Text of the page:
Arguing that there are only two possible options or outcomes, when in fact, there are others that are just as plausible. Be sure to consider all possible situations before deciding to only present two.
Example: a group of students asks a teacher to be assigned less homework, and the teacher denies their request. One student replies, “You must hate us kids – you shouldn’t have become a teacher.” The student is arguing that the teacher must give less homework, and if he doesn’t, that means he must dislike children. There are other possible explanations however, such as the teacher thinking homework helps students learn more or the teacher is required by the school to give a certain amount of homework.
Arguing that something is true or right simply because others are doing it or thinking it. The fact that something is popular or gaining popularity does not automatically make it infallible.
Example: a group of students asks a teacher to be assigned less homework, and the teacher denies their request. One student replies, “Ms. Smith and Mr. Jones don’t give us this much homework, so neither should you.” The other teachers may have their own reasons for giving less homework, but those reasons don’t necessarily apply to this specific teacher.
Arguing that because something is currently unknown or unknowable, it is either impossible to prove or disprove. An appeal to ignorance can be avoided by doing more research into a topic or acknowledging the absence of official facts.
Example: a group of students asks a teacher to be assigned less homework, and the teacher denies their request, saying, “I’ve never heard of too much homework harming anyone.” Based on this statement, it’s evident that the teacher has not done research to see what an appropriate amount of homework may be, or if there are any negative effects associated with an abundance of homework.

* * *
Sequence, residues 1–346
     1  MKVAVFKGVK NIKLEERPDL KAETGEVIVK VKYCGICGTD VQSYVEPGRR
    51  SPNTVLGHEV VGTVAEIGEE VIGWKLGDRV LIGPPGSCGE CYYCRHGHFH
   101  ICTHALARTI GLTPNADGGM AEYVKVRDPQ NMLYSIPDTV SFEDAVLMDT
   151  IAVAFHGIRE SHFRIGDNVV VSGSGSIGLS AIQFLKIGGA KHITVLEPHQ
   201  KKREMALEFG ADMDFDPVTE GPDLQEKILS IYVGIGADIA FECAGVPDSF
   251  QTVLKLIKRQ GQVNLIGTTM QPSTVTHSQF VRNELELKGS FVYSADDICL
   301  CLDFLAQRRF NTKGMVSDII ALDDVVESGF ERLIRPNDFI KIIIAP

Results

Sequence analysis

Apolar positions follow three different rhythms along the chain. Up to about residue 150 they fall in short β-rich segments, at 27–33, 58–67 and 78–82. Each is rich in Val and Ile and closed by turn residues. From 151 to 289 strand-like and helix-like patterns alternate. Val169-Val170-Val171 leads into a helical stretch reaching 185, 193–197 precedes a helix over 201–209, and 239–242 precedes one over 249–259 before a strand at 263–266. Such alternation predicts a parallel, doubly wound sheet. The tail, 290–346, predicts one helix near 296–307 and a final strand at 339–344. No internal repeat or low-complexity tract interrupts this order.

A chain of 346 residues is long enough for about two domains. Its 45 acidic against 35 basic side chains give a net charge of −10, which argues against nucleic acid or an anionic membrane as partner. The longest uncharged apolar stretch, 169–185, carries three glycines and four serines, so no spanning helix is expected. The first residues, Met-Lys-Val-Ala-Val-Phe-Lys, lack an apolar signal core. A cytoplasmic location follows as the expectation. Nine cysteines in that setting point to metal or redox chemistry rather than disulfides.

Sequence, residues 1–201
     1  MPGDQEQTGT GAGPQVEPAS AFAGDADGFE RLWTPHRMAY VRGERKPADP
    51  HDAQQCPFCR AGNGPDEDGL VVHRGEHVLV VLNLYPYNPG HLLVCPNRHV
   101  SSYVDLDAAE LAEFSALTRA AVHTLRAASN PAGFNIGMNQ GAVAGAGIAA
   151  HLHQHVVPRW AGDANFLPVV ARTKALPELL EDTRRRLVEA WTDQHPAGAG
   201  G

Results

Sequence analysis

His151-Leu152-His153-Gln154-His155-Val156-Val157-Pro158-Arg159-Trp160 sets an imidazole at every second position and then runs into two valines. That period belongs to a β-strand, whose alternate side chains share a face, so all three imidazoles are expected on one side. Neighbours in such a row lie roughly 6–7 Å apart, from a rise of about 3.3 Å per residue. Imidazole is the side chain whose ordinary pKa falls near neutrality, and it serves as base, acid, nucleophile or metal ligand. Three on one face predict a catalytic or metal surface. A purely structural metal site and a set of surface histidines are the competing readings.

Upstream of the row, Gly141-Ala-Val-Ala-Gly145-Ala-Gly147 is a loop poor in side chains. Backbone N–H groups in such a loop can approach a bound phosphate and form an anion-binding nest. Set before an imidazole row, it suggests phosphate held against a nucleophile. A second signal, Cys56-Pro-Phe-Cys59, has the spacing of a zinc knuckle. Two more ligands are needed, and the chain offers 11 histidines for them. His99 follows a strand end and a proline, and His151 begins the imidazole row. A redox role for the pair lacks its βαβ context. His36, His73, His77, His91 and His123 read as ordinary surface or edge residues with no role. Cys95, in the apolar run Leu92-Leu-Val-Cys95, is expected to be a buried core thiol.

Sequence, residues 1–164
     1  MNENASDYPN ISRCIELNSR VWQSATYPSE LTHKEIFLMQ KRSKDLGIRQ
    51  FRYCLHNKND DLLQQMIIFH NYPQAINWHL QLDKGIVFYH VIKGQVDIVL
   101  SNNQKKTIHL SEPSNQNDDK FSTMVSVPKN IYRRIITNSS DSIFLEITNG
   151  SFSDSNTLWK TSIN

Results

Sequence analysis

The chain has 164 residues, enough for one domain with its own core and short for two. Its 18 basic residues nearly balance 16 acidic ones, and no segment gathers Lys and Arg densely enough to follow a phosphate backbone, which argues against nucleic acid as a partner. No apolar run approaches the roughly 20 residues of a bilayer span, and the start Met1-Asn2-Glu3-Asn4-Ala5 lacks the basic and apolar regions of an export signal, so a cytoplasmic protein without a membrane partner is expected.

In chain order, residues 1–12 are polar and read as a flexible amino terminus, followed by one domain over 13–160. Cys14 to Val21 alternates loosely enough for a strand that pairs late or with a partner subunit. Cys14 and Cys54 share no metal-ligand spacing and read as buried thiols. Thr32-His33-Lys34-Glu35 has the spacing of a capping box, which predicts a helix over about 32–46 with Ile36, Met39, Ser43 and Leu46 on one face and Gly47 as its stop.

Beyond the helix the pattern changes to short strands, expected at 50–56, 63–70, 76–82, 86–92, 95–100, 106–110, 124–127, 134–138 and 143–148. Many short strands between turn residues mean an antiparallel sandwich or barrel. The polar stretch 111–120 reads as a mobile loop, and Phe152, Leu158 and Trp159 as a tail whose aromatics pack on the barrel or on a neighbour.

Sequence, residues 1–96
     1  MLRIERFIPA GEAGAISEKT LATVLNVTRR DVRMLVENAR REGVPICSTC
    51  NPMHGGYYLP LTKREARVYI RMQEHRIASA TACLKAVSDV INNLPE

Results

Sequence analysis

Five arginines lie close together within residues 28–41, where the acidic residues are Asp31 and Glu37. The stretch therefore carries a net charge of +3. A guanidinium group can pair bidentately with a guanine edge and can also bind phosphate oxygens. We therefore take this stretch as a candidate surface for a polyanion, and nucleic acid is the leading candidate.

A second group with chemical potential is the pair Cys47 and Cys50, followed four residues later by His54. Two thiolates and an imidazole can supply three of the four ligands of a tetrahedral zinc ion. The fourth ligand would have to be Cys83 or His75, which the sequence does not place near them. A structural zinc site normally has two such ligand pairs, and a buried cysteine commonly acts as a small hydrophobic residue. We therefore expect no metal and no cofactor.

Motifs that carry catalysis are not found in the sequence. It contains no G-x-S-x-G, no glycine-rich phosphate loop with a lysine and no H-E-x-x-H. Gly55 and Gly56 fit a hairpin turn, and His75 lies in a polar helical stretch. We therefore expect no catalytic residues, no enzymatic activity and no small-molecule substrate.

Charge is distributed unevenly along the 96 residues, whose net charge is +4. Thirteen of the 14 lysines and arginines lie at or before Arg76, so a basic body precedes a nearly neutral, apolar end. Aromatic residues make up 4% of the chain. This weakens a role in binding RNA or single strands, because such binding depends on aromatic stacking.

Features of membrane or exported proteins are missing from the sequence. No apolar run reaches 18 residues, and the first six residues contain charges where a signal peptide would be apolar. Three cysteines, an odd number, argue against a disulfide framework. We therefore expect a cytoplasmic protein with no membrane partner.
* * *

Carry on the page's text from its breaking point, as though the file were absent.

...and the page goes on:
This occurs when you cite an authority figure to back up a claim without checking into the figure’s statement and credentials – you automatically trust him or her because of a professional or celebrity status. But the authority figure may not be trustworthy and credible, and has gained authority through dishonest means. Furthermore, an authority figure could be a reliable source for one topic, but not another.
Example: a group of students asks a teacher to be assigned less homework, and the teacher denies their request. One student replies, “But Beyoncé said in an interview that schools should assign less homework!” While Beyoncé is a successful singer, songwriter, and dancer, and could presumably offer wisdom when it comes to these subjects, that does not automatically give her an authoritative voice when it comes to educational practices.
Meaning “after this, therefore because of this,” a post hoc fallacy states that because Y followed X, Y must have occurred because of X. This argument ignores the other steps that could have happened in between.
Example: a group of students asks a teacher to be assigned less homework, and the teacher replies, “The last time I gave you all less homework, your test average went down three points.” Less homework did not necessarily cause a decrease in test scores. Perhaps the test material was more difficult than the previous test, or the students took the test on the Friday before winter break and were distracted.
The only way to avoid fallacious reasoning is by conducting thorough research. Check out these 10 Research Tools for Nonfiction Authors so you can start building a trustworthy and credible foundation for yourself and your book.
© Copyright 2018 Author Learning Center. All Rights Reserved